Corporations Are People Too, Right? Part 2

6 Dec

In my previous blog we discussed the difference between a human being and a corporation; a conscience, or lack thereof. Let’s pretend that a large corporation has a manufacturing plant in a small Midwestern town. 100 years ago it was started by John Smith who was born and raised in the town. Over the years that the Smith family owned their company the company prospered and grew, and so did the town. Often a local family could boast of three or four generations who worked for the Smiths.

In the 1970’s John Smith’s descendants were no longer interested in manufacturing and decided to sell the company to one of their competitors. The company prospered under the new owners and so did the town. A decade later the new owners sold their company to Mega Corporation, one that didn’t directly manufacture any products but made their profits strictly by buying and selling these portfolio companies.

The new owners of John Smith’s company, looking to maximize their profits, and thus increase shareholder value, realized that they could increase their margins by 3% if they moved their manufacturing facilities to Mexico. To top management and the board of directors this seemed like a good plan. The company wins and the shareholders win. The only people who lose are the employees and all the local businesses in this Midwestern town that depend on the salaries of those employees.

Let’s suppose that the John Smith company had 500 employees, and the average household had 3.5 people. Laying off those 500 people directly affects 1,750 people with no means of support and few prospects for employment. With those 1,750 people having less income (or none at all) they spend less at the local stores; supermarket, pharmacy, coffee shop, clothing store, service station, local bank, etc. With less everyday sales these stores start hurting and soon start laying off workers. With less revenue from property taxes and retail sales taxes the local and county government begin reducing services and laying off workers. Fewer teachers to teach the town’s children. Fewer police to protect its citizens. Longer response times for the fire department and emergency medical technicians. Crumbling roads and bridges.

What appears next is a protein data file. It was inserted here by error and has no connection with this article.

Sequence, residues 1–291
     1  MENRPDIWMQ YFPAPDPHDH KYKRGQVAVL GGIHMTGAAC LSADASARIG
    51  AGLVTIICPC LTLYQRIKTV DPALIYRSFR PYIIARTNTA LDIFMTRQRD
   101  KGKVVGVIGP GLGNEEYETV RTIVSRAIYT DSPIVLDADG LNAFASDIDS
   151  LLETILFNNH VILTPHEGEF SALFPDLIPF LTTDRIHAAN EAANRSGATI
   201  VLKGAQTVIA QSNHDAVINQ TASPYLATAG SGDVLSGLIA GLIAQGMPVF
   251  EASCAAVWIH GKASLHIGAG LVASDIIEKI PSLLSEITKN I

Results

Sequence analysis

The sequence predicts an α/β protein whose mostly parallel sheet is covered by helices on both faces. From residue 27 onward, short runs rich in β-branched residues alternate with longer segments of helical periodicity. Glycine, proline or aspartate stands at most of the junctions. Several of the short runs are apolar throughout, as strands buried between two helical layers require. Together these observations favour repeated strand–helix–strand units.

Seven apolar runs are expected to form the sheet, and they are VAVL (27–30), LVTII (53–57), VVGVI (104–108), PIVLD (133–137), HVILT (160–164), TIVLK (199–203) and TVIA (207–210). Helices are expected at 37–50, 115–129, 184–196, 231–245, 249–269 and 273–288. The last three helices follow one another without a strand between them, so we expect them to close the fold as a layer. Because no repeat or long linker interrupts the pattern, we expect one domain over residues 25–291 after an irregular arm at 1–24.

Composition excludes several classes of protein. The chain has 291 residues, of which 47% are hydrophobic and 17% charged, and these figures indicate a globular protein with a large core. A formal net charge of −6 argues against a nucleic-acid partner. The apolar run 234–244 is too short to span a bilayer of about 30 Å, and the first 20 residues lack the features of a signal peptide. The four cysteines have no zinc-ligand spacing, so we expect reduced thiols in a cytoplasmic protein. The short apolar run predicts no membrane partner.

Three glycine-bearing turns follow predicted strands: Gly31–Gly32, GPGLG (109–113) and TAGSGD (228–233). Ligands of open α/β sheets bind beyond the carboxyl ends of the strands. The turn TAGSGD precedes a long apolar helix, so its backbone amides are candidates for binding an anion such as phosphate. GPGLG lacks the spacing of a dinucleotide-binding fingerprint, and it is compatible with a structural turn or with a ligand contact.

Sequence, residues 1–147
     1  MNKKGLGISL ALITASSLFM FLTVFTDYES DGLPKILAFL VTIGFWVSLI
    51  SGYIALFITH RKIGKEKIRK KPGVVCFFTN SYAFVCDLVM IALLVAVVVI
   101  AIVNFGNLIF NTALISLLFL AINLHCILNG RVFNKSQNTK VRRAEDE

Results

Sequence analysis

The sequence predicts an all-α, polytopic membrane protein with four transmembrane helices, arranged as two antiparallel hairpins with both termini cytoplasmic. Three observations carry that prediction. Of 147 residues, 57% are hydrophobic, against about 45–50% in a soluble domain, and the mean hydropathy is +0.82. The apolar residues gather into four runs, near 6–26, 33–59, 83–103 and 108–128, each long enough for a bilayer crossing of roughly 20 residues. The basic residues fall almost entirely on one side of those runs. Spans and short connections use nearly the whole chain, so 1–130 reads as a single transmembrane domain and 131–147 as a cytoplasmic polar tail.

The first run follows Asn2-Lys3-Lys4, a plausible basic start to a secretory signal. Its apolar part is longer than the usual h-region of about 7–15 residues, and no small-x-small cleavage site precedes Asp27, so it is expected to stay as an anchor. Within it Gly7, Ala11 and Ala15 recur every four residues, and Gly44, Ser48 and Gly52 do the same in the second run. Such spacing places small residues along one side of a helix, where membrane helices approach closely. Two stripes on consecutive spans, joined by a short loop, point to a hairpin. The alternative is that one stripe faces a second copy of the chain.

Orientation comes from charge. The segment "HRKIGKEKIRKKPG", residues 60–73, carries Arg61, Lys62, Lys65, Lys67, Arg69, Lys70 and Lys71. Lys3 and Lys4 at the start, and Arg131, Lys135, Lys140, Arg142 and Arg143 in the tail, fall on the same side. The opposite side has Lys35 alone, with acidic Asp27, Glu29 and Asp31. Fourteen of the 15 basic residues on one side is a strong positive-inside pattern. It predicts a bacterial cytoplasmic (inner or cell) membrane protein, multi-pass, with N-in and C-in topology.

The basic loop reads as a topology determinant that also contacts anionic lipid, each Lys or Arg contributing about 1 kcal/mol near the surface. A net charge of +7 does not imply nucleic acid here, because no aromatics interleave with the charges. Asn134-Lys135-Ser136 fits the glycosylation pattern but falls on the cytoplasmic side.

In addition, the John Smith Company bought raw materials and supplies from a wide range of regional companies. When the manufacturing plant closed these companies lost a long standing customer. If they could not replace the lost revenue, they too would have to lay off workers.

All this happens because a group of “suits” felt that a 3% increase in margins was best for the company’s shareholders, plus the CEO keeps his job for another 90 days. (If you think I don’t know what I’m talking about – I was a “suit”).

The above fictional scenario is a classic example of what has happened to America. It is an example of the Law of Cause and Effect. Mega Corporation had no qualms about moving manufacturing to Mexico for a 3% increase in margins. The survival of the town was never a part of the equation. After all, as the Mafia says, “it’s only business!”

Would the Smith family, in good conscience, have done the same? Somehow I doubt it.

Still think corporations are people too?

Love,

Michael

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